Messages from the Epistle to the Hebrews

Messages from the Epistle to the Hebrews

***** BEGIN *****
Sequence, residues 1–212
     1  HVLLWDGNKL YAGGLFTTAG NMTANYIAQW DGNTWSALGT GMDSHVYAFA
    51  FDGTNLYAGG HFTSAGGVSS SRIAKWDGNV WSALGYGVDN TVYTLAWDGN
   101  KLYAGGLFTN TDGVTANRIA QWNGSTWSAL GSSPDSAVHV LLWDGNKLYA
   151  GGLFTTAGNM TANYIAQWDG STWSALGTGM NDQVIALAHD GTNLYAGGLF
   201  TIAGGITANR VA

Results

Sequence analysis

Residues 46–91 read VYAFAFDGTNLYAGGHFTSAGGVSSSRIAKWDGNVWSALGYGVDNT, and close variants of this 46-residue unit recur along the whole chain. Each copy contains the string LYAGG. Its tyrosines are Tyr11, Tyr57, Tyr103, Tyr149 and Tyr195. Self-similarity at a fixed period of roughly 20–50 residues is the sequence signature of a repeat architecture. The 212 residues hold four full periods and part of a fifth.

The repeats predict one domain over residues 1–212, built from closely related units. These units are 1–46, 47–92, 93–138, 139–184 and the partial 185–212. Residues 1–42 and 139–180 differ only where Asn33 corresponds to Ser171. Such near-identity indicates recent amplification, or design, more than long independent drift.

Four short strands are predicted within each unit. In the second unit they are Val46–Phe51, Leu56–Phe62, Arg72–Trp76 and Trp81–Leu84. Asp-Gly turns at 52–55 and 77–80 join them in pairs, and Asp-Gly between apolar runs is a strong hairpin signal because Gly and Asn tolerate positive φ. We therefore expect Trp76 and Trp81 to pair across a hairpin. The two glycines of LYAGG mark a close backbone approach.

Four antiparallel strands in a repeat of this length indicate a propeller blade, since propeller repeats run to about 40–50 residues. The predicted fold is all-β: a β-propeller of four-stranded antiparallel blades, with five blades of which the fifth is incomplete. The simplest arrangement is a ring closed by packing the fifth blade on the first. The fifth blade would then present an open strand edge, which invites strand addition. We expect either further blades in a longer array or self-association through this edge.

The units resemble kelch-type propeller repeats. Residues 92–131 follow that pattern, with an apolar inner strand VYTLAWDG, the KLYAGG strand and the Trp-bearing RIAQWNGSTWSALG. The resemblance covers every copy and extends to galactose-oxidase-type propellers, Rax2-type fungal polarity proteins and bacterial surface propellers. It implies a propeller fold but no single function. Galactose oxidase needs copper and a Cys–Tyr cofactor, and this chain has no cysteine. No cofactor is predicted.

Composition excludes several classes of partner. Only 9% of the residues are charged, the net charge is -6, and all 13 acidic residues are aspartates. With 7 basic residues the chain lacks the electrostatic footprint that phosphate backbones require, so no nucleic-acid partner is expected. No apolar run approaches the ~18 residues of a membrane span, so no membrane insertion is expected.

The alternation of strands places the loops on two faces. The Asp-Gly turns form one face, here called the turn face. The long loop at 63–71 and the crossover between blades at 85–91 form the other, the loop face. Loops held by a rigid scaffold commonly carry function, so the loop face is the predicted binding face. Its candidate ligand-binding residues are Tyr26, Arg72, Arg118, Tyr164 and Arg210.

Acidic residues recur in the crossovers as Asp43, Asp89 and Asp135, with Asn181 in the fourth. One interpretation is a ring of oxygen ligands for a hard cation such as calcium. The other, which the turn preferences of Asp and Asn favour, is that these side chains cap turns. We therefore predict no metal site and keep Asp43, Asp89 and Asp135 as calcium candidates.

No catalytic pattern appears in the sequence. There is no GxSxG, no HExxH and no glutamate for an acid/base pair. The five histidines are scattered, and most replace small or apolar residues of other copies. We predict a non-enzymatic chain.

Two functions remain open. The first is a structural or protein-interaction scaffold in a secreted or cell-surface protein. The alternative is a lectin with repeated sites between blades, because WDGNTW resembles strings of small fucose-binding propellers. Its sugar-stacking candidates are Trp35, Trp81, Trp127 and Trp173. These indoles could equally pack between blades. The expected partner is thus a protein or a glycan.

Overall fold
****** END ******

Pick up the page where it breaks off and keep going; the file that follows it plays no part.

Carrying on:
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The Project Gutenberg EBook of Messages from the Epistle to the Hebrews, by Handley C.G. Moule This eBook is for the use of anyone anywhere at no cost and with almost no restrictions whatsoever. You may copy it, give it away or re-use it under the terms of the Project Gutenberg License included with this eBook or online at www.gutenberg.org Title: Messages from the Epistle to the Hebrews Author: Handley C.G. Moule Release Date: August 4, 2007 [EBook #22237] Language: English Character set encoding: ISO-8859-1 *** START OF THIS PROJECT GUTENBERG EBOOK EPISTLE TO THE HEBREWS *** Produced by Colin Bell, Thomas Strong and the Online Distributed Proofreading Team at http://www.pgdp.net {Transcriber's Note: Obvious typographical errors, printing errors and mis-spellings have been corrected. Any other inconsistencies remain as they are in the original. Footnotes have been placed at the end of the paragraph in which they appear.} [Pg i] MESSAGES FROM THE EPISTLE TO THE HEBREWS [Pg ii] [Pg iii] MESSAGES FROM THE EPISTLE TO THE HEBREWS By HANDLEY C.G. MOULE, D.D. BISHOP OF DURHAM LONDON: ELLIOT STOCK 62, PATERNOSTER ROW, E.C. 1909 [Pg iv] THE BIBLE IS THE SKY IN WHICH GOD HAS SET C HRIST THE SUN. JOHN KER, D.D. First Edition May 1909 Second Impression July 1909 [Pg v] PREFACE The following chapters are the work of intervals of leisure scattered over a long CONTENTS time. The exposition had advanced some way when an unexpected call to new and exacting duties compelled me to put it aside for several years. Accordingly a certain difference of treatment in the later chapters as compared with the earlier will probably be seen by the reader, particularly a rather fuller detail in the exposition. But purpose and plan are essentially the same throughout. No attempt whatever is made, here or in the course of the work, to deal with those literary and historical problems which so conspicuously attach themselves to this Epistle. Who the "Hebrews" were is nowhere discussed. Nor is any positive answer offered to a question to which assuredly no such answer can be given, the question, namely, of the authorship. In my opinion, in face of all that I have read to the contrary, it still seems at least possible that the ultimate human author was St. Paul. All, or very nearly all, the objections to his name which the phenomena of the Epistle primâ facie present, and some of which lie unquestionably deep, seem to be capable of a provisional answer if we assume, what is so conceivable, that the Apostle committed his message and its argument, on purpose, to a colleague so gifted, mentally and by the Spirit, that he might be trusted to cast the work into his own style. The wellknown remark of Origen that only God knows who "wrote" the Epistle appears to me to point (if we look at its context) this way. Origen surely means by the "writer" what is meant in Rom. xvi. 22. Only, on the hypothesis, the amanuensis of our Epistle was, for a special purpose presumably, a Christian prophet in his own right. In any case the author, if not an apostle, was a prophet. And he carries to us a prophet's "burthen" of unspeakable import, and in words to which all through the Christian ages the soul has responded as to the words of the Holy Spirit. HANDLEY DUNELM. Easter, 1909. [Pg vi] [Pg vii] CONTENTS I PAGE C ONSIDER H IM Heb. i.-ii. II A H EART OF FAITH Heb. iii. III U NTO PERFECTION Heb. iv.-vi. IV OUR GREAT MELCHIZEDEK Heb. vii. V THE BETTER C OVENANT Heb. viii. VI [Pg viii] 1 8 14 23 32 SANCTUARY AND SACRIFICE Heb. ix. VII FULL, PERFECT, AND SUFFICIENT Heb. x. VIII FAITH AND ITS POWER Heb. xi. (I.). IX FAITH AND ITS ANNALS Heb. xi. (II.). X FOLLOWERS OF THEM Heb. xii. 1-14. XI SINAI AND SION Heb. xii. 14-28. XII APPEALS AND INSTRUCTIONS Heb. xiii. 1-14. XIII LAST WORDS Heb. xiii. 15-25. 42 51 61 71 80 90 100 110 [Pg 1] MESSAGES FROM THE EPISTLE TO THE HEBREWS CHAPTER I CONSIDER HIM H EB. i.-ii. Let us open the Epistle to the Hebrews, with an aim simple and altogether practical for heart and for life. Let us take it just as it stands, and somewhat as a whole. We will not discuss its authorship, interesting and extensive as that problem is. We will not attempt, within the compass of a few short chapters, to expound continuously its wonderful text. Rather, we will gather up from it some of its large and conspicuous spiritual messages, taken as messages of the Word of God "which liveth and abideth for ever." [Pg 2] CONTENTS No part of Holy Scripture is ever really out of date. But it is true meanwhile that, as for persons so for periods, there are Scripture books and Scripture truths which are more than ordinarily timely. It is not that others are therefore untimely, nor that only one class of book or one aspect of truth can be eminently timely at one time. But it seems evident that the foreseeing Architect of the Bible has so adjusted the parts of His wonderful vehicle of revelation and blessing that special fitnesses continually emerge between our varying times and seasons on the one hand and the multifold Word on the other. The Epistle to the Hebrews is in some remarkable respects a book timely for our day. It invites to itself, if I read it aright, the renewed attention of the thoughtful Christian, and not least of the thoughtful Christian of the English Church, as it brings him messages singularly in point to some of the main present needs of his spiritual life and its surroundings. It was written manifestly in the first instance to meet special and pressing current trials; it bears the impress of a time of severe sifting, a time when foundations were challenged, and individual faith put to even agonizing proofs, and the community threatened with an almost dissolution. Such a writing must have a voice articulate and sympathetic for a period like ours. We will take into our hands then, portion by portion, this wonderful "open letter," and listen through it to some of the things which "the Spirit saith" to the saints and to the Church. We now contemplate in this sense the first two chapters. We put quite aside a host of points of profound interest in detail, and ask ourselves only what is the [Pg 3] broad surface, the drift and total, of the message here. As to its climax, it is JESUS CHRIST , our "merciful and faithful High Priest" (ii. 17). As to the steps that lead up to the climax, they are a presentation of the personal glory of Jesus Christ, as God the Son of God, as Man the Son of Man, who for us men and our salvation came, suffered, and prevailed. Who that reads the Bible with the least care has not often noted this in the first passages of the Hebrews, and could not at once so state the matter? What is the great truth of Hebrews i.? Jesus Christ is GOD (ver. 8); the Son (ver. 2); absolutely like the Father (ver. 3); Lord of the bright Company of Heaven, who in all their ranks and orders worship Him (ver. 6); creative Originator of the Universe (ver. 10), such that the starry depths of space are but the folds of His vesture, which hereafter He shall change for another (ver. 12); Himself eternal, "the same," transcendent above all time, yet all the while the Son begotten, the Son, infinitely adequate and infinitely willing to be the final Vehicle of the Father's voice to us (verses 1, 5, 6). What is the great truth of Hebrews ii.? Jesus Christ is MAN. He is other than angelic, for He is God. But also He is other than angelic, for He is Man (verses 5, 6, 7). He is the Brother of Man as truly as He is the Son of God (ver. 11). He has taken share with us in flesh and blood (ver. 14), that is to say, He has assumed manhood in that state or stage in which it is capable of death, and He has done this on purpose (it is a wonderful thought) that He may be capable of dying. This blessed Jesus Christ, this God and Man, our Saviour, was bent upon dying, and that for a reason altogether connected with us and with His will to save us (ver. 15). We were immeasurably dear and important to Him. And our deliverance demanded His identification with us in nature, and His temptations (ver. 18), and finally His mysterious suffering. So He came, He suffered, He was "perfected"—in respect of capacity to be our Redeemer—"through sufferings" (ver. 10). And now, incarnate, slain, and risen again, He, still our Brother, is "crowned with glory and honour" (ver. 9). He is our Leader (ver. 10). He is our High Priest, merciful and faithful (ver. 17). Thus the Epistle, on its way to recall its readers, at a crisis of confusion and temptation, to certainty, patience, and peace, leads them—not last but first—to Jesus Christ. It unfolds at once to them His glories of Person, His Wonder of Work and Love. It does not elaborately travel up to Him through general considerations. It sets out from Him. It makes Him the base and reason for all it has to say—and it has to say many things. Its first theme is not the community, but the Lord; not Church principles, not that great duty of cohesion about which it will speak, and speak urgently, further on, but the Lord, in His adorable personal greatness, in His unique and all-wonderful personal achievement. To that attitude of thought it recurs again and again in its later stages. In one way or another it is always bidding us look up from even the greatest related subjects and "consider H IM." Am I not right in saying that here is a message straight to the restless heart of our time, and not least to the special conditions of Christian life just now in our well-beloved Church? We must, of course we must, think about a hundred problems presented by the circumference of the life of the Christian and the life of the Church. At all times such problems, asking for attention and solution, emerge to every thoughtful disciple's sight. In our own time they seem to multiply upon one another with an importunate demand—problems doctrinal, [Pg 4] [Pg 5] [Pg 6] ritual, governmental, social; the strife of principles and tendencies within the Church; all that is involved in the relations between the Church and the State, and again between the Church and the world, that is to say, human life indifferent or opposed to the living Christian creed and the spiritual Christian rule. Well, for these very reasons let us make here first this brief appeal, prompted by the opening paragraphs of the great Epistle. If you would deal aright with the circumference, earnest Christian of the English Church, live at the Centre. "Dwell deep." From the Church come back evermore to Jesus Christ, that from Jesus Christ you may the better go back to the Church, bearing the peace and the power of the Lord Himself upon you. There is nothing that can serve as a substitute for this. The "consideration" of our blessed Redeemer and King is not merely good for us; it is vital. To "behold His glory," deliberately, with worship, with worshipping love, and seen by direct attention to the mirror of His Word, can and must secure for us blessings which we shall otherwise infallibly lose. This, and this alone, amidst the strife of tongues and all the perplexities of life, can develope in us at once the humblest reverence and the noblest liberty, convictions firm to resist a whole world in opposition, yet the meekness and the fear which utterly exclude injustice, untruth, hardness, or the bitter word. For us if for any, for us now if ever, this first great message of the Epistle meets a vital need; "C ONSIDER H IM." [Pg 7] [Pg 8] CHAPTER II A HEART OF FAITH H EB. iii. We have just endeavoured to find a message, "godly and wholesome, and necessary for these times," in the opening paragraphs in the Epistle to the Hebrews. We come now to interrogate our oracle again, and we open the third chapter as we do so. Here again we find the Epistle full, first, of "Jesus Christ Himself." He is "the Apostle and the High Priest of our profession" (ver. 1), or let us read rather, "our confession," the "confession" of us who are loyal to His Name as His disciples. We are expressly called here to do what the first two chapters implied that we must do—to "consider Him" (ver. 1), to bend upon His Person, character, and work the attention of the whole heart and mind. We are pointed to His holy fidelity to His mission (ver. 2) in words which equally remind us of His subordination to the Father's will and of His absolute authority as the Father's perfect Representative. We are reminded (ver. 3) of that magnificent other side of His position, that He acts and administers in "the house of God" not as a servant but as the Father's "own SON (ver. 6) that serveth Him." Nay, such is He that the "house" in which He does His filial service is a building which He Himself has reared (ver. 3); He is its Architect and its Constructor in a sense in which none could be who is not Divine. Yes, He is no less than God (ver. 4); CONTENTS [Pg 9] God Filial, God so conditioned that He is also the faithful Sent-One of the Father, but none the less GOD. We saw Him already in the first chapter (ver. 10), placed before us in His majesty as the Originator of the material Universe, to whom the starry skies are but His robe, to be put on and put off in season. Here He is the doer of a yet more wonderful achievement; He is the Builder of the Church of the Faithful. For the "house" which He thus built is nothing else than "we" (ver, 6), we who by faith have entered into the structure of the "living stones" (see 1 Pet. ii. 5), and who, by "the confidence and the rejoicing of our hope," abide within it. Thus the blessed Lord is before us here again, filling our sphere of thought and contemplation. It is here just as it is in the Epistle to the Colossians. There, as here, errors and confusions in the Church are in view—a subtle theosophy and also a retrograde ceremonialism, probably both amalgamating into one dangerous total. And St. Paul's method of defence for his converts there—what is it? Above all, it is the presentation of Jesus Christ, in the glories of His Person and His Work. He places H IM in the very front of thought, first as the Head, Founder, and Corner-stone of the Universe; then as the Head, Redeemer, and Life of the Church. With H IM so seen he meets the dreamy thinker and the ceremonial devotee; Christ is the ultimate and only repose, alike for thought and for the soul. In this Epistle as in that we have the same phenomenon, deeply suggestive and seasonable for our life to-day. In both cases, not only for individuals but for the Church, there was mental and spiritual trouble. Alike in Phrygian Colossæ and wherever the "Hebrews" lived there was an invasion of church difficulties and confusion. A certain affinity in detail links the two cases together. Colossian Christians and Hebrew Christians, under widely different circumstances, and no doubt in very different tones, persuasive in one case, threatening in the other, were pressed to retrograde from the sublime simplicity and fulness of the truth. Their danger was what I may venture to call a certain medievalism. Not Mosaism, not Prophetism, but Judaism, the successor and distortion of the ancient revelations, invited or commanded their adhesion, or, in the case of the "Hebrews," their return, as to the one true faith and fold. There were great differences in detail. At Colossæ it does not seem that the "medievalists" professed to deny Christianity; rather they professed to teach the Judaistic version of it as the authentic type. Among the "Hebrews" antiChristianity was using every effort to allure or to alarm the disciples back to open Rabbinism, "doing despite to the Son of God." But both streams of tendency went in the same general direction so far that they put into the utmost prominence aspects of religion full of a traditional ceremonialism, and of the idea of human meritorious achievement rather than of a spiritual reliance for the salvation of the soul. Deeply significant it is that in both cases we have the danger met thus—by the presentation of the Incarnate Redeemer Himself, in His personal and official glory, to the most immediate possible view of every disciple, "nothing between." The Epistles, both of them, have much to say on deep general principles. But all this they say in vital connexion with Jesus Christ; and about Him they say most of all. He is the supreme Antidote. He, "considered," considered fully, is not so much the clue out of the labyrinth as the great point of view from which the mind and the soul can look down upon it and see how tortuous, and also [Pg 10] [Pg 11] [Pg 12] how limited, it is. But the message of our chapter has not yet been fully heard. It has spoken to us of Christ Jesus, and of the "consideration" of Him to which we are called. At its close it speaks to us of faith: "Take heed, lest there be in any of you an evil heart of unbelief, in departing from the living God" (ver. 12). "To whom sware He that they should not enter into His rest, but to them that believed not? So we see that they could not enter in because of unbelief" (verses 18, 19). That is to say, our "consideration" of Jesus Christ must not be all our action towards Him, if we would be sure, and safe, and strong. It must be but the preliminary to a "heart of faith." That is to say again, we must personally and practically take Him at His word, and rely upon Him, committing our souls and our all to Him, to Him directly, to Him solely. We must, in the exercise of this reliance, use Him evermore as our Prophet, Priest, and King. We must venture upon His promises, just as Israel ought to have ventured upon the promises of Him who had redeemed them, although He tried their will and power to do so by the terrors of the wilderness and by the giants of Canaan. Thus to rely is faith; for faith is personal confidence in the Lord in His promise. And such faith is not only, as it is, the empty hand which receives Divine blessings in detail. It is the empty arms which clasp always that comprehensive blessing, the presence of "the living God" in Christ, so making sure of a secret of peace, of rest, of decision, of strength, of deep-sighted and tranquil thought upon "things which differ," which is of infinite importance at a time of confusion and debate in the Christian Church. Therefore, alike for our safety and for our usefulness, let us first afresh "consider Him." And then let us afresh "take heed" that with "a good heart of faith" we draw to and abide in union with the "considered" Christ, in whom we know and possess the living God. [Pg 13] [Pg 14] CHAPTER III UNTO PERFECTION H EB. iv.-vi. Our study of the great Epistle takes here another step, covering three short but pregnant chapters. So pregnant are they that it would be altogether vain to attempt to deal with them thus briefly were we not mindful of our special point of view. We are pondering the Epistle not for all that it has to say, but for what it has to say of special moment and application for certain needs of our own time. The outline of the portion before us must accordingly be traced. In detail it presents many questions of connexion and argument, for, particularly in chapter iv., the apostolic thought takes occasionally a parenthetical flight of large circuit. But in outline the progression may be traced without serious difficulty. We have first the appeal to exercise the promptitude and decision of faith, in CONTENTS [Pg 15] view of the magnificent promise of a Canaan of sacred rest made to the true Israel in Christ. Even to "seem" (iv. 1) to fail of this, even to seem to sink into a desert grave of unbelief while "the rest of faith" is waiting to be entered, is a thought to "fear." Great indeed are the promises; "living" and "energetic" is "the Word" which conveys them.[A] [A] Ch. iv. 12, if I am right, follows in thought upon iv. 2, leaving a long and deep parenthesis between. [Pg 16] That "Word" is piercing as a sword in its convictions, for it is the vehicle of His mind and His holiness "with whom is concerned our discourse" (iv. 13); while yet it is, on its other side, a "Gospel" indeed (iv. 2), the message of supreme good, if only it is met with faith by the convicted soul. Yes, it is a message which tells of a land of "rest," near and open, fairer far than the Canaan on which Caleb reported and from which he and his fellows brought the great clusters of its golden vines. Passage after passage of the old Scriptures (iv. 3-9) shows that that Canaan was no finality, no true terminus of the purpose of God; another "rest," another "day" of entrance and blessing, was intimated all along. Unbelief forfeited the true fruition of even the old Canaan for the old Israel. And now out of that evil has sprung the glorious good of a more articulate promise of the new Canaan, the inheritance of rest in Christ, destined for the new Israel. But as then, so now, the promise, if it is to come to its effect, must be met and realized by obedient faith. Despite all the difficulties, in face of whatever may seem the Anakim of to-day, looking to Him who is immeasurably more than Moses, and who is the true and second Joshua,[B] we must make haste to enter in by the way of faith. We must "mingle the word with faith" (iv. 2), into one glorious issue of attained and abiding rest. We must lay our hearts soft and open (iv. 7) before the will of the Promiser. We must "be in earnest" to enter in (iv. 11). [B] The "Jesus" (iv. 8) of the Authorized Version. [Pg 17] Then, at iv. 14, the appeal takes us in beautiful order more directly to Him who is at once the Leader and the Promised Land. And again He stands before us as a "great High Priest." Our Moses, our Joshua, is also our more than Aaron, combining in Himself every possible qualification to be our guide and preserver as we enter in. He stands before us in all the alluring and endearing character of mingled majesty and mercy; a High Priest, a great High Priest, immeasurably great; He has "passed through the heavens" (iv. 14) to the Holiest, to the throne, the celestial mercy-seat (iv. 16) "within the veil" (vi. 19); He is the Son (v. 5); He is the Priest-King, the true Melchizedek; He is all this for ever (vi. 20). But on the other hand He is the sinner's Friend, who has so identified Himself in His blessed Manhood with the sinner, veritably taking our veritable nature, that He is "able to feel with our weaknesses" (iv. 15); "able to feel a sympathetic tolerance μετριοπαθεῖν towards the ignorant and the wandering" (v. 2); understanding well "what sore temptations mean, for He has felt the same"; yea, He has known what it is to "cry out mightily and shed tears" (v. 7) in face of a horror of death; to cast Himself as a genuine suppliant, in uttermost suffering, upon paternal kindness; to get to know by personal experience what submission means ἔμαθε τὴν ὑπακοήν, v. 8); "not my will but Thine be ( done." Such is the "Leader of our faith," so great, so glorious, so perfect, so tender, so